D.C. Air National Guard looks to expand F-16 training airspace into north central WV

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United States Air Force F-16 Falcons fly over the field prior to an NFL football game between the Indianapolis Colts and Washington Redskins, Sunday, Sept. 16, 2018, in Landover, Md. (AP Photo/Mark Tenally)

JOINT BASE ANDREWS, Md. – The District of Columbia Air National Guard (DCANG) is starting a three-year project to look at modifying the Evers Military Operating Area (MOA), which is an airspace used for training F-16 combat pilots of the 113th Wing, into portions on north central West Virginia.

The current Evers MOA covers 450 square nautical miles, while the proposal would expand it to 3,500 square nautical miles, including portions of southern Virginia and central and eastern West Virginia.

A map released by the Air National Guard shows the proposed area running, at the northern end, from just east of Jane Lew, in Lewis County, to just west of Canaan Valley, in Tucker County. At the southern end, it runs from Dawson, in Greenbrier County to Clifton Forge, in Virginia. The area includes portions of Barbour, Braxton, Greenbrier, Lewis, Nicholas, Pendleton, Pocahontas, Randolph, Tucker, Upshur and Webster counties.

“The mission set of the 113th requires a larger airspace to train and prepare for current and future conflicts and responses,” said Colonel Keith G. MacDonald, commander 113th Wing. “The current Evers MOA simply lacks the training airspace necessary to provide reliable training to fully-exercise the 113th Wing’s pilots.”

In addition to the 113th, the airspace would also be available for training for aircrews from Maryland, Virginia and West Virginia, officials said.

The 113th’s training flights typically happen once or twice a day, five days a week for an average of 90 minutes per flight, officials said. A maximum of eight planes could use the airspace at one time, according to ANG officials.

To further explain the need for the expansion, Air National Guard officials issued this statement: It would enable those aircrews to operate in a properly configured military airspace that meets requirements as an integrated, year-round, realistic training environment for combat aircraft to enhance combat capability, as well as support advanced 21st century air-to-air tactical fighters and evolving military training requirements.

“Our mission is to maintain a well-trained and well-equipped F-16 squadron to respond during times of war and to protect the skies over the nation’s capital,” said MacDonald. “The modification of this airspace is critical for the effective combat training of our pilots,” MacDonald said.

F-16s would be the primary planes using the area, but F-22s, A-10s and F-15Es may occasionally use it as well, officials said.

An F-16 fighter jet, fully armed with air-to-air missiles under its wings, maneuvers above the northwest section of Washington D.C., Wednesday, May 11, 2005, near a cluster of embassies from Middle Eastern nations as it and at least one other F-16 scrambled to intercept a small airplane that flew into the restricted airspace that circles the nation’s capital. The White House and the Capital were evacuated until the situation with the small plane was resolved. (AP Photo/J. Scott Applewhite)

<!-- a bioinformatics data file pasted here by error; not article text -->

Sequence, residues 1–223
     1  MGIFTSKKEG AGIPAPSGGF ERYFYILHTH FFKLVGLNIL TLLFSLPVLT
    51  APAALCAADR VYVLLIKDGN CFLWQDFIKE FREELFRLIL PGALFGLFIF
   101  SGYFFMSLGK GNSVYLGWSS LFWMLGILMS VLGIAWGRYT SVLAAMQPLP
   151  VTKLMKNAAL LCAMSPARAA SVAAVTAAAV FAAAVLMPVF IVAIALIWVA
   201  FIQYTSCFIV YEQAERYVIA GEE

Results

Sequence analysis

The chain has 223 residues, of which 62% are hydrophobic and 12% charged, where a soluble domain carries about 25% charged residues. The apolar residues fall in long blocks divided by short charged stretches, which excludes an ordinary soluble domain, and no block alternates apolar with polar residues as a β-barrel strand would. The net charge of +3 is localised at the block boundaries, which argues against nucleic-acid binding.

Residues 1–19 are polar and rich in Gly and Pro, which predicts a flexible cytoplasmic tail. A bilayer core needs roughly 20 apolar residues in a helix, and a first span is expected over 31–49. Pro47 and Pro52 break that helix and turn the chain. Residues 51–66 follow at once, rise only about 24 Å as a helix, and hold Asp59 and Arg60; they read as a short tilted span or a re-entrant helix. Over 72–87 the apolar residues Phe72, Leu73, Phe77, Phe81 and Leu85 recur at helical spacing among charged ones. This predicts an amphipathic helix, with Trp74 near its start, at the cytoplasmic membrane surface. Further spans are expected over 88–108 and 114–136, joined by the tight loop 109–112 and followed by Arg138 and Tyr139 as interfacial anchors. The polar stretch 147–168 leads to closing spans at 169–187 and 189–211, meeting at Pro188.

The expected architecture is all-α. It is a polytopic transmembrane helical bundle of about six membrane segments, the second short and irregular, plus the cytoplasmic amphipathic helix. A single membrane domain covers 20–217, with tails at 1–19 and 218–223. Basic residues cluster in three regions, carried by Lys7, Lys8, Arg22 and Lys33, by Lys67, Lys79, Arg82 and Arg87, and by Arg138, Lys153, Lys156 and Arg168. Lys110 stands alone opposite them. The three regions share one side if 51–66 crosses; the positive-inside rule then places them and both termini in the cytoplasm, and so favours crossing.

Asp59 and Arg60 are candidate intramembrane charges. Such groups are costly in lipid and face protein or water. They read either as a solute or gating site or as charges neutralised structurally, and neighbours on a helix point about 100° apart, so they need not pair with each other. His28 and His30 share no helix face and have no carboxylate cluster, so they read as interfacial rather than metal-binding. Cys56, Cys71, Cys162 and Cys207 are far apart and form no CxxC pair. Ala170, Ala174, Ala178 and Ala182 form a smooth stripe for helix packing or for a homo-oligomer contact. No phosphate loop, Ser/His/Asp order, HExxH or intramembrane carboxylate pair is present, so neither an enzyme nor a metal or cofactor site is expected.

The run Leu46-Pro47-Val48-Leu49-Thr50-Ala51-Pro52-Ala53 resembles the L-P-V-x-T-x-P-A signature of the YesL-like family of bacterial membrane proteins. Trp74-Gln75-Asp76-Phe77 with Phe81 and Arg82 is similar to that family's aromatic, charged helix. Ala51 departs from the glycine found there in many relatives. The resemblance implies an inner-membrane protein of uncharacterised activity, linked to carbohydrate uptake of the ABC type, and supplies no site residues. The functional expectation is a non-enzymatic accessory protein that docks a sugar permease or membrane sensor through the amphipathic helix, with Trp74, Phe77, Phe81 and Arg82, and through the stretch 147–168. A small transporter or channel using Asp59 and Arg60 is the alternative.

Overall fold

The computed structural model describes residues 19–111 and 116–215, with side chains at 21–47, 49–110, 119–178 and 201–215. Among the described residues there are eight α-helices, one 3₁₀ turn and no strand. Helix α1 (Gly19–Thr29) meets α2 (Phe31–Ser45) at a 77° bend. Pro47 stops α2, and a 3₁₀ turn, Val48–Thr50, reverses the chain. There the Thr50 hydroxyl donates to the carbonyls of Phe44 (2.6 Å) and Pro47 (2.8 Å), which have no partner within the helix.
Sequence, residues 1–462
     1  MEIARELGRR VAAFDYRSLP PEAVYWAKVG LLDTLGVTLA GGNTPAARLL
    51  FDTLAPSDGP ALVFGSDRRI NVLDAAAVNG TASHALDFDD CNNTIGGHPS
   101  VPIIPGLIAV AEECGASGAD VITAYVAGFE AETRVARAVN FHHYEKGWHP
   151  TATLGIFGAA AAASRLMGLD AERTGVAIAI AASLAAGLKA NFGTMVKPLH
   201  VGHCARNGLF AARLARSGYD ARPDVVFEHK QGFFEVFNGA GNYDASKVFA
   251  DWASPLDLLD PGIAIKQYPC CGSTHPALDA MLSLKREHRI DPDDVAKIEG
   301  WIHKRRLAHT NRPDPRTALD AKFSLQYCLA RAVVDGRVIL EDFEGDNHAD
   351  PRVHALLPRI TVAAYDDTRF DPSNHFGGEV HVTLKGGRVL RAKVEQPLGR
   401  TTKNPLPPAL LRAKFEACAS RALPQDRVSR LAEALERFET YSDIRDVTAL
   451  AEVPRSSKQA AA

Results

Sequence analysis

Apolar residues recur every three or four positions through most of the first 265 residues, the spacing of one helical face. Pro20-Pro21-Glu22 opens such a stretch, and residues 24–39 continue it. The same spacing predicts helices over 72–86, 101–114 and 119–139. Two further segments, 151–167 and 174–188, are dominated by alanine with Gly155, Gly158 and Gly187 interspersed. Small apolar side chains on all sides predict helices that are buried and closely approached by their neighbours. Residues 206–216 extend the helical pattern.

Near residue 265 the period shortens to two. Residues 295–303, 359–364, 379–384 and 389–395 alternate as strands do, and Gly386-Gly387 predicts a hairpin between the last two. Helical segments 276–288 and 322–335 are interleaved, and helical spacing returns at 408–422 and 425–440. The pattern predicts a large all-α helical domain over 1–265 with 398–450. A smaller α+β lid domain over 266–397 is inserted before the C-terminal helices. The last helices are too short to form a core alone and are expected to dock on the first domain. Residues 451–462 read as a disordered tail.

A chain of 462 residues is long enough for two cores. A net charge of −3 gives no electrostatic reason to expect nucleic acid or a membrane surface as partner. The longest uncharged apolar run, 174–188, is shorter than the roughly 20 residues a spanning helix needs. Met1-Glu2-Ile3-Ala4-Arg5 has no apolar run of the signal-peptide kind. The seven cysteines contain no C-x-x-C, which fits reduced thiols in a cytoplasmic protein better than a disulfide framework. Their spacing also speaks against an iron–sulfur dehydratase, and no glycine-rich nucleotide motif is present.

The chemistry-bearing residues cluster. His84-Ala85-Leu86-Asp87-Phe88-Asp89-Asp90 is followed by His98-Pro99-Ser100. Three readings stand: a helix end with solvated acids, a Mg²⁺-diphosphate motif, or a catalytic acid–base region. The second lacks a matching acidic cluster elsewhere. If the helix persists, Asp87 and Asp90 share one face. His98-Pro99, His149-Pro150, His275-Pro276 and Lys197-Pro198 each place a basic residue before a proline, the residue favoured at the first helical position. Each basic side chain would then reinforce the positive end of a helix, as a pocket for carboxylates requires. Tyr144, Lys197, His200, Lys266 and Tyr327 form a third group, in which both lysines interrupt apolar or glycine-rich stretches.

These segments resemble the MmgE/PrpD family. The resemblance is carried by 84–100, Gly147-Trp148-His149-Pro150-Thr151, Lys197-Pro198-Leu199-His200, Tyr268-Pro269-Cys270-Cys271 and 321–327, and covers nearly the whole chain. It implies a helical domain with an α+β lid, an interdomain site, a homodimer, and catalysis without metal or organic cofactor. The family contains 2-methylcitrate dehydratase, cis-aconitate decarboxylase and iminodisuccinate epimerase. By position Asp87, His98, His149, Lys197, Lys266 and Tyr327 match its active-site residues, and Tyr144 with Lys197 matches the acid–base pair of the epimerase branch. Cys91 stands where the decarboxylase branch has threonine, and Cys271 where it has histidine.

Officials claim that from a noise perspective, the training would be “almost unnoticeable” to people on the ground, but they did release a pamphlet on aircraft noise and said that a noise complaint hotline and and an online complaint form will be made available.

In terms of the affects the MOA would have on general aviation flights, the military flights would have a maximum altitude of 23,000 feet, meaning most commercial airliners will fly above the area. When it is use for military training, the FAA will recommend that general aviation flights fly over, under or around the airspace. The MOA will not be classified as a “restricted area” officials said.

Other frequently asked questions and answers about the proposed MOA can be found here.

The West Virginia National Guard will also play a role in the project. “While the West Virginia National Guard is not the lead agency for the Evers MOA proposed expansion, we have a responsibility to maintain transparency and provide information to our potentially affected counterparts in the state,” said Maj. Gen. James Hoyer, Adjutant General of the West Virginia National Guard. “Our organization will continue to work with the 113th Wing, D.C. Air National Guard and National Guard Bureau leadership to ensure West Virginians are kept abreast of the proposed expansion as it moves forward,” Hoyer said.

An environmental assessment period will take place in coming months, and the public is encouraged to provide feedback during this process, officials said. The environmental assessment will address many potential impacts like noise, commerce, and changes to general and commercial aviation flight patterns.

Further information on the proposal can be found on the 113th’s website.

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